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8 Words That Are Older Than You Think

outer

[ou-ter] /ˈaʊ tər/
adjective
1.
situated on or toward the outside; external; exterior:
outer garments; an outer wall.
2.
situated farther out or farther from the center:
the outer reaches of space.
3.
of or pertaining to the external world.
Origin
1350-1400
1350-1400; Middle English; see out, -er4
Related forms
outerness, noun
Dictionary.com Unabridged
Based on the Random House Dictionary, © Random House, Inc. 2014.
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Examples from the web for outer
  • Align and add outer foot using two screws as shown above.
  • Cull your largest pods for the outer ring of the wreath.
  • Nearly every outer leaf makes its own flower, so the bigger the plant, the heavier the bloom.
  • Open the umbrella to determine the height of the outer rim.
  • Remove fibrous outer layers and coarse leafy tops, and trim root.
  • With tongs, set inner lid on top of jar rim, then the outer ring.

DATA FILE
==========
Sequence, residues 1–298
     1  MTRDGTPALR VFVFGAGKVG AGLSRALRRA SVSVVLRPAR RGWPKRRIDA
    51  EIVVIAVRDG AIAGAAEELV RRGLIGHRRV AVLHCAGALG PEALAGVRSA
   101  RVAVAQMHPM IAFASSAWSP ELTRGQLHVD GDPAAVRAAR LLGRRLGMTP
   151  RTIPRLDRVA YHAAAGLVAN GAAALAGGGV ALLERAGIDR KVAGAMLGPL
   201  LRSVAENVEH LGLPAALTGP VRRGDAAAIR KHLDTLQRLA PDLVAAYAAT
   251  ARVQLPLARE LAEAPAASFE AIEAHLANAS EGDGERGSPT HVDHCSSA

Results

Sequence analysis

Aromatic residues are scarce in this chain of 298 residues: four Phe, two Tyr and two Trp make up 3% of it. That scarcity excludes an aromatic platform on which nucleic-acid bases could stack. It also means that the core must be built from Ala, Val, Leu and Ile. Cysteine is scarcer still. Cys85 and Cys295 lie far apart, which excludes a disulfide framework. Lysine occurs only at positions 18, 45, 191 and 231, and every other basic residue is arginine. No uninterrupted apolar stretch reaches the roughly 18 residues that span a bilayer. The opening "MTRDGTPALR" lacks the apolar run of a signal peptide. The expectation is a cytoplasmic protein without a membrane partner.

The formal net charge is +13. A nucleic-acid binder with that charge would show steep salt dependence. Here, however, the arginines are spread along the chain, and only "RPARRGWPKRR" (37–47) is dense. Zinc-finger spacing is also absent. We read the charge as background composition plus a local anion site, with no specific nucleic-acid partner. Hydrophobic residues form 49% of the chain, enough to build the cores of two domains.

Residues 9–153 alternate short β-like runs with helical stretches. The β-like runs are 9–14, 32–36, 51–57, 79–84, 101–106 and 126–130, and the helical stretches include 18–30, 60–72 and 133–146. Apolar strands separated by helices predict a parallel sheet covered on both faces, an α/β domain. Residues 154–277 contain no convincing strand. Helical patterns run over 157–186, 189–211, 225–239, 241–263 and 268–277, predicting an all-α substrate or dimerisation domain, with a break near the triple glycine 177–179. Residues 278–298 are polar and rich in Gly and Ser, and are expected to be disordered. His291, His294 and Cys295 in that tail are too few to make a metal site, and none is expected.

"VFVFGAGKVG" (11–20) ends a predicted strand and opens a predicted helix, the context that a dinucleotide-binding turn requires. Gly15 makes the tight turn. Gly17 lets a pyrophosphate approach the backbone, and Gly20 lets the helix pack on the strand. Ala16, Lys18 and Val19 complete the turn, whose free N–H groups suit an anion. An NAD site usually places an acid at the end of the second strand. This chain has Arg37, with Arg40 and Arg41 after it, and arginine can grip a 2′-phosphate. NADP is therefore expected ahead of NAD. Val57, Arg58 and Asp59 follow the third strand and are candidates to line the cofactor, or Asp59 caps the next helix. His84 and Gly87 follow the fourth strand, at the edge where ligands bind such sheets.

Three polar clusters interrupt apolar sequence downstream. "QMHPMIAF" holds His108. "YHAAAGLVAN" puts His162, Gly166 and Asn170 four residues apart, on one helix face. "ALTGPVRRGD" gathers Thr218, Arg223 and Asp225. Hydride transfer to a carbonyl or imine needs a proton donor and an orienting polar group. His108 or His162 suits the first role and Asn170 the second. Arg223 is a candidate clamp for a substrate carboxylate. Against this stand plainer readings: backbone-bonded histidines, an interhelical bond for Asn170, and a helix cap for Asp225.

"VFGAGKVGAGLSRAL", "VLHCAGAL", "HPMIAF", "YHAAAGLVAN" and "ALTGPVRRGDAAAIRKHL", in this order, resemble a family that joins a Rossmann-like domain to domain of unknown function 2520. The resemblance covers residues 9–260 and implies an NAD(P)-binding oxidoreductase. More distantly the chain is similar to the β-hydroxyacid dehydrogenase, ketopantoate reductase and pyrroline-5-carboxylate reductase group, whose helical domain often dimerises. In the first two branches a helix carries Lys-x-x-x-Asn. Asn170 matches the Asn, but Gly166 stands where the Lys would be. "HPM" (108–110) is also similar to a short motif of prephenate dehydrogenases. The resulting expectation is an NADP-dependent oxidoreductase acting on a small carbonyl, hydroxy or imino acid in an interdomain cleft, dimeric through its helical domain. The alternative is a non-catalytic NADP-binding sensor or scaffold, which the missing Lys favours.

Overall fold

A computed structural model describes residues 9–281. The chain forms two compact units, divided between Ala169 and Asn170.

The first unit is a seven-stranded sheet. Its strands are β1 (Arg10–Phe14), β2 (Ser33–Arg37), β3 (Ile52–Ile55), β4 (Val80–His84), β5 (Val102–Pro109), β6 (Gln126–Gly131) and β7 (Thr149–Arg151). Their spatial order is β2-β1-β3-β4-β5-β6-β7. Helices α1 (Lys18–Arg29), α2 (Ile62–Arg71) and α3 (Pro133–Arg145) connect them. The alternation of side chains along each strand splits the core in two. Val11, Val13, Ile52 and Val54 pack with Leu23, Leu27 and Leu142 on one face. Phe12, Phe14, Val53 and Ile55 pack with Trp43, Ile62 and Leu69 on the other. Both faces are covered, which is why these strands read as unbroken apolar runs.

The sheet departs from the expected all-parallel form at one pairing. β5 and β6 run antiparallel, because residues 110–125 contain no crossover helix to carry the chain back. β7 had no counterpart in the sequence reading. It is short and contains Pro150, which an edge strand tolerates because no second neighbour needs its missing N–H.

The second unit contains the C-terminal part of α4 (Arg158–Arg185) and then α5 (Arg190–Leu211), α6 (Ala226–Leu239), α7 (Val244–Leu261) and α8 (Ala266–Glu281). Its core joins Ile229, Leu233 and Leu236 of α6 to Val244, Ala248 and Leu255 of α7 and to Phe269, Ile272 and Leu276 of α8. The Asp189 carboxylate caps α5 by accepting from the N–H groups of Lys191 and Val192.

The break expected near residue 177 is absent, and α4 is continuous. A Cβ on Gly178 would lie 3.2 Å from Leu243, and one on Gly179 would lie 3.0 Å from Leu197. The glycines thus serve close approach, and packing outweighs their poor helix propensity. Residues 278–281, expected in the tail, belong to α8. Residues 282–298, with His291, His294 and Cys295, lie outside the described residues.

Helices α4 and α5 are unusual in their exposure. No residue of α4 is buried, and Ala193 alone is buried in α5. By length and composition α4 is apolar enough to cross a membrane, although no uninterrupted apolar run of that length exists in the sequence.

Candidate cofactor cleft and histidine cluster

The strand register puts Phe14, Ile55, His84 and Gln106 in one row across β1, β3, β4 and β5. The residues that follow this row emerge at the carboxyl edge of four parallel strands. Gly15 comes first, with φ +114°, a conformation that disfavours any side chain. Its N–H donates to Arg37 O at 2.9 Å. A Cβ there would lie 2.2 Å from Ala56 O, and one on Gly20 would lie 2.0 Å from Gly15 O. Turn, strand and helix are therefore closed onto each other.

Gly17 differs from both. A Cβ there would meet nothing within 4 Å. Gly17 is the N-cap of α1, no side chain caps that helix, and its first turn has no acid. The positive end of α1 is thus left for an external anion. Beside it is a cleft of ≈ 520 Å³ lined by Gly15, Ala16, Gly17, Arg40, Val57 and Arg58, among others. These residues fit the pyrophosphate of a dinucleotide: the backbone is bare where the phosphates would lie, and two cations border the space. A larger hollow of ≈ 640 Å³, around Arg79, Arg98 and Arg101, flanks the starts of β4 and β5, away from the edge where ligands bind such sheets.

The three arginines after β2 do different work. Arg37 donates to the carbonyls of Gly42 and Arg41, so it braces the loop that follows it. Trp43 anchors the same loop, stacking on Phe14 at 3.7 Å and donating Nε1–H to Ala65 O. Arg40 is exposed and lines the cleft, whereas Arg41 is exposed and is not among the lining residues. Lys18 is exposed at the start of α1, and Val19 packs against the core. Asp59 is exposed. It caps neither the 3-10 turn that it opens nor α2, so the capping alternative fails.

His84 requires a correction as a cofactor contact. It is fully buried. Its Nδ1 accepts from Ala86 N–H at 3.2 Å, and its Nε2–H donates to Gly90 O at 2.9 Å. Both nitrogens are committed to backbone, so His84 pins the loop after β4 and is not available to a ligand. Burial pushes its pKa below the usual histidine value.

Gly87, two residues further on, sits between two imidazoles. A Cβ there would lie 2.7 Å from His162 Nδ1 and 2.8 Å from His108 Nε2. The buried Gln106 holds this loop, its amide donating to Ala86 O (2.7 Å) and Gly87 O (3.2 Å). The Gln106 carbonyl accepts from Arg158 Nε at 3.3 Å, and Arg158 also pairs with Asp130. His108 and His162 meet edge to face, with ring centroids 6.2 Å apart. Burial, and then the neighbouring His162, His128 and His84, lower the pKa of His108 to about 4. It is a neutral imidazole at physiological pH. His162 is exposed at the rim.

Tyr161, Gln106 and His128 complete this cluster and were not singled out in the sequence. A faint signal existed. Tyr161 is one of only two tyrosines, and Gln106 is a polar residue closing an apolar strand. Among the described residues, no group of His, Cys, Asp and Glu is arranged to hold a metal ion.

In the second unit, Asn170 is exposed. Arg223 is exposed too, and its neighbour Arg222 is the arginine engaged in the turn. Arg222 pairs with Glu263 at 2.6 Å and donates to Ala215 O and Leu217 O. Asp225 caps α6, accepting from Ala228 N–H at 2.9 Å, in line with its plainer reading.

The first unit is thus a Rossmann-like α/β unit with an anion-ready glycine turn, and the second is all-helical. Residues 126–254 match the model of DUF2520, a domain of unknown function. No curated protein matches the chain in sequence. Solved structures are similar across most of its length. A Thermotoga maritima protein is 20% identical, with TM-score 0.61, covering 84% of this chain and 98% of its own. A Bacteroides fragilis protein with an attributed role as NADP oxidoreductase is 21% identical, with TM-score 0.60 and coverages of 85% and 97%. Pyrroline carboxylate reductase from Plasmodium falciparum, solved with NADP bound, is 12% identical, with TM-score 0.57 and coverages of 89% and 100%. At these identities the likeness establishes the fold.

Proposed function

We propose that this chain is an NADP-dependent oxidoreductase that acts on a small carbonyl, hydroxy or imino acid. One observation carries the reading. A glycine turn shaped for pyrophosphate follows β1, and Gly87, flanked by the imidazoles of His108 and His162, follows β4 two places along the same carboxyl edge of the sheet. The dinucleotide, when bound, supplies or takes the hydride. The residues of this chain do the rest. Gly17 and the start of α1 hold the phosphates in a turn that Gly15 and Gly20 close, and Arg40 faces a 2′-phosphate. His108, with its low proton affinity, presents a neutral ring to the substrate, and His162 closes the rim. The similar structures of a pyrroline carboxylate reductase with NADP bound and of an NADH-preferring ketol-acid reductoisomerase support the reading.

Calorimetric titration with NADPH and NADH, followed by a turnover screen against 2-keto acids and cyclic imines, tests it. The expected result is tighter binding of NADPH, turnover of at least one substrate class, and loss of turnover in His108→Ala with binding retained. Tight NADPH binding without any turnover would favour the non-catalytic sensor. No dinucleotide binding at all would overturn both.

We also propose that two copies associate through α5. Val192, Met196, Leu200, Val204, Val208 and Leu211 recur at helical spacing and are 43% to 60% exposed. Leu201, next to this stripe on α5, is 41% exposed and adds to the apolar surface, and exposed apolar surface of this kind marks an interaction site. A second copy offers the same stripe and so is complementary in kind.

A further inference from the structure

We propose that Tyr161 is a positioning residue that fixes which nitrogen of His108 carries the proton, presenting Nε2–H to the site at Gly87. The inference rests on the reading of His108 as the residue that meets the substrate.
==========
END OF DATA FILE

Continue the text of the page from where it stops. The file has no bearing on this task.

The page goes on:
• Academic buildings are positioned on the outer fringes along the water, and students sit on benches, studying.
  • Two hours of driving each way pushes at the outer limits of sanity, but many academics have similar commutes or even longer.
  • Remove the outer layer blinders and look at who people really are.
  • And rents are higher for family sized apartments and are comparable even in the outer boroughs.
British Dictionary definitions for outer

outer

/ˈaʊtə/
adjective (prenominal)
1.
being or located on the outside; external
2.
further from the middle or central part
noun
3.
(archery)
  1. the white outermost ring on a target
  2. a shot that hits this ring
4.
(Austral) the unsheltered part of the spectator area at a sports ground
5.
(Austral & NZ, informal) on the outer, excluded or neglected
Collins English Dictionary - Complete & Unabridged 2012 Digital Edition
© William Collins Sons & Co. Ltd. 1979, 1986 © HarperCollins
Publishers 1998, 2000, 2003, 2005, 2006, 2007, 2009, 2012
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Word Origin and History for outer
adj.

late 14c., comparative of out (on analogy of inner), replacing by 18c. forms descended from Old English uttera (comp. of Old English ut "out") which developed into utter and was no longer felt as connected with out. Outer space first attested 1901 in writings of H.G. Wells.

Online Etymology Dictionary, © 2010 Douglas Harper
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